Understanding knee osteoarthritis from the patients’ perspective: a qualitative study

Understanding knee osteoarthritis from the patients’ perspective: a qualitative study

No studies of Health Coach Interventions for knee OA sufferers that include patients’ perspectives have been published. This study assesses current clinical practice and primary care professionals’ advice from the patients’ perspective, in order to obtain a participative design for a complex intervention based on coaching psychology. Moreover, wants to analyse the experiences, perceptions, cognitive evaluation, values, emotions, beliefs and coping strategies of patients with knee osteoarthritis, and secondly the impact of these factors in the Self-management of this condition.

It is an interpretative qualitative study. The study included patients with diagnosis of knee osteoarthritis (OA) from 4 primary health care centres in Barcelona. A theoretical sampling based on a prior definition of participants’ characteristics was carried out. Ten semi-structured interviews with knee OA patients were carried out. A content thematic analysis was performed following a mixed-strategy text codification in Lazarus framework and in emerging codes from the data.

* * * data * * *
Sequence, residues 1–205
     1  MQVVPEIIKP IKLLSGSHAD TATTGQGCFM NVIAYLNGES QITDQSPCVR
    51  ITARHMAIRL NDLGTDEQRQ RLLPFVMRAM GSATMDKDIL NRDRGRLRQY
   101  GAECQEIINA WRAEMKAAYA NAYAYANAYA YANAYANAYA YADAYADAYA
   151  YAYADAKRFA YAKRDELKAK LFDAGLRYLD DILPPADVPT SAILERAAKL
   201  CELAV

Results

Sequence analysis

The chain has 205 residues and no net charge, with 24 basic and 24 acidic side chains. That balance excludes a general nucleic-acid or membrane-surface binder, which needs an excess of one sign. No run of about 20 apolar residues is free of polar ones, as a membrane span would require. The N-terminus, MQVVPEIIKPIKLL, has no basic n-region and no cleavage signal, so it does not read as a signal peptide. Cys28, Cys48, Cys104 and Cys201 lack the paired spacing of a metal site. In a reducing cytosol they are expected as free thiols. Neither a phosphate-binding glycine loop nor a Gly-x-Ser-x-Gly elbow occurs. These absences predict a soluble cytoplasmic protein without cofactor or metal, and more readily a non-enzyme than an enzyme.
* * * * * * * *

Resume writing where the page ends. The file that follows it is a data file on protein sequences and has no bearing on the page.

The results are structured in two blocks: Experiences and perceptions of informants and Experiences of knee osteoarthritis according to the Lazarus model. Regarding experiences and perceptions of informants: Some participants reported that the information was mostly provided by health professionals. Informants know which food they should eat to lose weight and the benefits of weight loss. Moreover, participants explained that they like walking but that sometimes it is difficult to put into practice. Regarding experiences of knee osteoarthritis according Lazarus model: Cognitive evaluation is influenced by cognitive distortions such as obligation, guilt, dramatization and catastrophism. Values: Family is the value most associated with wellbeing. Helping others is another recurring value. Emotions: Most participants explain that they feel anxiety, irritability or sadness. Beliefs: To some, physiotherapy helps them feel less pain. However, others explain that it is of no use to them. Participants are aware of the association overweight– pain. Coping strategies: The strategies for coping with emotions aim to reduce psychological distress (anxiety, sadness, anger) and some are more active than others.

The study highlights that patients with knee osteoarthritis require a person-centered approach that provides them with strategies to overcome the psychological distress caused by this condition.

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Scott BuxtonResearch article posted by: Scott Buxton

Scott is editor of Physiospot so expect to see his work popping up frequently. Away from the keyboard he is a physiotherapist specialising in geriatrics.

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